may move to dismiss a complaint for "failure to join a
party under Rule 19." Fed.R.Civ.P. 12(b)(7). The courts
of the Ninth Circuit follow a three-step inquiry in
considering dismissal pursuant to Rule 12(b)(7). See Salt
River Project Agr, Imp. & Power Dist. v. Lee, 672 F,
3d 1176, 1179 (9th Cir. 2012). That inquiry "is a
practical, fact-specific one, designed to avoid the harsh
results of rigid application." Dawavendewa v. Salt
River Project Agr. Imp. & Power Dist, 276 F.3d 1150,
1154 (9th Cir. 2002), The court must first "determine
whether a nonparty should be joined under Rule 19(a) ... as a
person required to be joined if feasible.'" E.E.
O. C v. Peabody W. Coal Co., 610 F.3d 1070, 1078 (9th
Cir. 2010). If so, the court next determines "whether it
is feasible to order that the absentee be joined."
Id. (internal quotation marks omitted). Finally,
"if joinder is not feasible, the court must determine at
the third stage whether the case can proceed without the
absentee or whether the action must be dismissed."
Id. (internal quotation marks omitted). "Rule
19 is designed to protect the interests of absent parties, as
well as those ordered before the court, from multiple
litigation, inconsistent judicial determinations or the
impairment of interests or rights." CP Nat'l
Corp. v. Bonneville Power Admin., 928 F.2d 905, 911 (9th
the convenience of parties and witnesses, in the interest of
justice, a district court may transfer any civil action to
any other district or division where it might have been
brought." 28 U.S.C. § 1404(a).
A motion to transfer venue under § 1404(a) requires the
court to weigh multiple factors in its determination whether
transfer is appropriate in a particular case. For example,
the court may consider: (1) the location where the relevant
agreements were negotiated and executed, (2) the state that
is most familiar with the governing law, (3) the plaintiffs
choice of forum, (4) the respective parties' contacts
with the forum, (5) the contacts relating to the plaintiffs
cause of action in the chosen forum, (6) the differences in
the costs of litigation in the two forums, (7) the
availability of compulsory process to compel attendance of
unwilling non-party witnesses, and (8) the ease of access to
sources of proof. Additionally, the presence of a forum
selection clause is a "significant factor" in the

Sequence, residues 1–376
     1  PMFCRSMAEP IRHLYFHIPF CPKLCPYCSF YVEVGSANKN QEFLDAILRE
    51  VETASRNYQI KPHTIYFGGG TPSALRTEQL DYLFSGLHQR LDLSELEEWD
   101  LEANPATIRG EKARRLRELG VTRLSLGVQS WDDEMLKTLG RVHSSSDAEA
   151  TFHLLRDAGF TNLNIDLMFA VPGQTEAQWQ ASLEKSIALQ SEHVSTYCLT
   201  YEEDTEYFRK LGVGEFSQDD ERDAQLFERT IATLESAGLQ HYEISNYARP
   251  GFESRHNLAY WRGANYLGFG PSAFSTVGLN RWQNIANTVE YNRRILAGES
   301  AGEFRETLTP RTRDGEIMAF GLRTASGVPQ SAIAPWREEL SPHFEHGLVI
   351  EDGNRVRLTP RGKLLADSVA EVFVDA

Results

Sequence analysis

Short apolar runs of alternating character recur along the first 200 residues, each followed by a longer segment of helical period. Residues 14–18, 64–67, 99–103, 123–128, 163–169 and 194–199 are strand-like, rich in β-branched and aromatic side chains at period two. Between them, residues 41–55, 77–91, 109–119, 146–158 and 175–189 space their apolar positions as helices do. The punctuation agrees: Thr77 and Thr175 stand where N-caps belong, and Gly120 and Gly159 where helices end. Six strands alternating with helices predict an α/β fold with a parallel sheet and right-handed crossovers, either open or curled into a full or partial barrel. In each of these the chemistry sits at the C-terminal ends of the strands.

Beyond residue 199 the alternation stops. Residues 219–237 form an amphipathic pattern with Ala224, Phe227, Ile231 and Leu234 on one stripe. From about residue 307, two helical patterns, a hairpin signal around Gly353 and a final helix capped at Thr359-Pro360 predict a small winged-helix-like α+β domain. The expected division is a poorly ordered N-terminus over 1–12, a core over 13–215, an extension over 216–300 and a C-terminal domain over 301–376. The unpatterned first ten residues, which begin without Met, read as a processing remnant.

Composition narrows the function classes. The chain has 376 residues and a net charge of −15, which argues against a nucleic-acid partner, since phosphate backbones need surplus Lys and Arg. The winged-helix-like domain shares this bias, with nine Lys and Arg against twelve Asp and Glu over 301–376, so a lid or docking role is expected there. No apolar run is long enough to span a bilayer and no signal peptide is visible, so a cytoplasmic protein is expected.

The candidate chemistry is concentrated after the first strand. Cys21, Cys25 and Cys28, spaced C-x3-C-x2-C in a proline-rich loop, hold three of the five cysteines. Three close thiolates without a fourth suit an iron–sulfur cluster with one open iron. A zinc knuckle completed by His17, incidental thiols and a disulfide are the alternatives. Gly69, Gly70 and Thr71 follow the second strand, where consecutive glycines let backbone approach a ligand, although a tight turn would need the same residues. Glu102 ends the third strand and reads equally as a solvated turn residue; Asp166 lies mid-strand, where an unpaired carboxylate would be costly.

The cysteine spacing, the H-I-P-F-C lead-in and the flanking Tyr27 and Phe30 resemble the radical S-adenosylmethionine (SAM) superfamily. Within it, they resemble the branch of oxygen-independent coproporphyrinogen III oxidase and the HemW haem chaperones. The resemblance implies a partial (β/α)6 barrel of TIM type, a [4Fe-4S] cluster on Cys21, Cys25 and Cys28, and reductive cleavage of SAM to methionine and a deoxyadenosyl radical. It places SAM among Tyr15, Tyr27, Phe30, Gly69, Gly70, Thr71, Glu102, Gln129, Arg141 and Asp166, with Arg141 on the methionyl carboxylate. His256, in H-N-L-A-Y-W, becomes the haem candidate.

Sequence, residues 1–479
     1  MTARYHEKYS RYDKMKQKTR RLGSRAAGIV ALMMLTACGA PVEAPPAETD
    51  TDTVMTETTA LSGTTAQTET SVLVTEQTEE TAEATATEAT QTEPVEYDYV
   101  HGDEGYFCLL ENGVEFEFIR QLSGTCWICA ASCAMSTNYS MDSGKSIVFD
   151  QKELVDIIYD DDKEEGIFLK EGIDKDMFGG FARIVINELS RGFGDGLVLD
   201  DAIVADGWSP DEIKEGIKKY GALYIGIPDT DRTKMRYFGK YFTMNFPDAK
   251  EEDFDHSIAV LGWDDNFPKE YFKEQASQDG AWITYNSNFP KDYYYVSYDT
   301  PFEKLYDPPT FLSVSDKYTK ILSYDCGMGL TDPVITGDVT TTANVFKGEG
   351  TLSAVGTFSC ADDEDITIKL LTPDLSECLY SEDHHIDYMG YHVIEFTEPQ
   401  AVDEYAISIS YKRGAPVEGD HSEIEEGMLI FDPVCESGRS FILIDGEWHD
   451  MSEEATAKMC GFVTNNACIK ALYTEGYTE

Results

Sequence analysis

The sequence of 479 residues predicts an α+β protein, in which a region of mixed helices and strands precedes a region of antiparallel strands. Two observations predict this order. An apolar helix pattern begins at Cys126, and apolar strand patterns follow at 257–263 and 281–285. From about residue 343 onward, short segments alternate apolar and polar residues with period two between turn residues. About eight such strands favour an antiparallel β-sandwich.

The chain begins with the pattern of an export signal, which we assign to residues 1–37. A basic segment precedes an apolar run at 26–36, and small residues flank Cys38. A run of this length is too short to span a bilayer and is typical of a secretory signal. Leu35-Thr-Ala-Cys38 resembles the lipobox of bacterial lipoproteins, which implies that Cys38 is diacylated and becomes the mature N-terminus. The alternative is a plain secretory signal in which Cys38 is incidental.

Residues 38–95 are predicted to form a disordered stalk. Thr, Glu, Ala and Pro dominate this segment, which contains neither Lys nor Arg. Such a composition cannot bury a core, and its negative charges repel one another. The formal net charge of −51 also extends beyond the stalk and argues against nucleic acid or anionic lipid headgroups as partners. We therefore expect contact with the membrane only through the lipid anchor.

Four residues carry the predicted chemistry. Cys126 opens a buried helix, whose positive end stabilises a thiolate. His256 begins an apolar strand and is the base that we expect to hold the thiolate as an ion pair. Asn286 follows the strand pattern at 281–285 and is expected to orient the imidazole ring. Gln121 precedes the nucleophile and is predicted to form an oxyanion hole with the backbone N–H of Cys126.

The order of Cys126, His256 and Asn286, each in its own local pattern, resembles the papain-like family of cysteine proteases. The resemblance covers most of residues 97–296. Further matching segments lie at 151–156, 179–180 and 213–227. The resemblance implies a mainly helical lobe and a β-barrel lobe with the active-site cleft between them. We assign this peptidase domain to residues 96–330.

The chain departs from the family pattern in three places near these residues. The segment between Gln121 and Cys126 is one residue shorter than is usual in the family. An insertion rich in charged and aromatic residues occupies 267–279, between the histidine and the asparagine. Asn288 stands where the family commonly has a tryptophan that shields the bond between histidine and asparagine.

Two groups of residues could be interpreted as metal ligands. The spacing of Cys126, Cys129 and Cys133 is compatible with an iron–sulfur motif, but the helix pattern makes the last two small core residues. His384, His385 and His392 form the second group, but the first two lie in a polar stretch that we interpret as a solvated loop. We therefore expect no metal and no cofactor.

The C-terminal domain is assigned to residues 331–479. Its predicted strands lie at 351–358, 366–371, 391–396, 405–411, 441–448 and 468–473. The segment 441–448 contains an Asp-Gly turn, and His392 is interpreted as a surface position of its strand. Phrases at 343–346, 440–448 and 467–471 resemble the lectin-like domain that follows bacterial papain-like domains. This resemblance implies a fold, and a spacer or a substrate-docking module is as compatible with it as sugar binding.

court's § 1404(a) analysis.
Jones v. GNC Franchising, Inc., 211 F.3d 495, 499
(9th Cir. 2000) (footnotes omitted). The defendant bears the
burden of establishing the greater appropriateness of the
transferee forum. See Id. Courts afford a degree of
deference to a plaintiffs choice of her home forum. See,
e.g., Piper Aircraft Co. v. Reyno, 454 U.S.
235, 255 (1981).
Rote is an individual citizen of Oregon. At all material
times, Rote was the president, secretary, and registered
agent of NDM. At all material times, NDM was organized under
Oregon law and headquartered in Oregon.
Lot is a Georgia corporation headquartered in Florida.
Although Rote alleges that the Doe defendants are citizens of
states other than Oregon, he does not otherwise refer to them
in his complaint, allege any conduct attributable to them, or
suggest that any of them played any direct or indirect role
in the complained-of conduct.
Rote's Allegations Regarding the Parties'
February 17, 2008, Lot and NDM "entered into a contract
for inbound and outbound telemarketing services. Complaint,
¶ 9. NDM provided such services to Lot from a call
center located in Beaverton, Oregon. See id, ¶
10. In approximately October 2011, Lot directed NDM to cease
providing it with telemarketing services, and began relying
on a business entity it had recently acquired to perform such
services in-house. See id., ¶¶ 12, 14.
Rote advised Lot at approximately that time that pursuant to
the agreement between Lot and NDM, Lot was not entitled to
terminate its agreement with NDM without first complying with
a contractual provision calling for gradual "ramp down
of the contract volume." Id., ¶ 13. Lot
nevertheless ceased doing business with NDM without first
gradually ramping down the volume of services it required NDM
to perform. See id, ¶¶ 14, 16. At some
subsequent time, Rote "foreclosed on the Accounts
Receivable of NDM for the purpose of collecting said
receivables and paying the secured lenders, Wells Fargo and
Rote, their balances owed and to return the balance for the
benefit of the unsecured creditors." Id.,
¶ 20. It is Rote's position that, at the time Lot
ceased doing business with NDM, NDM was entitled to $239,
172.29 in "ramp-down" payments, and that at the
time he filed this action, that amount had grown with
interest to $463, 701.90. See id., ¶¶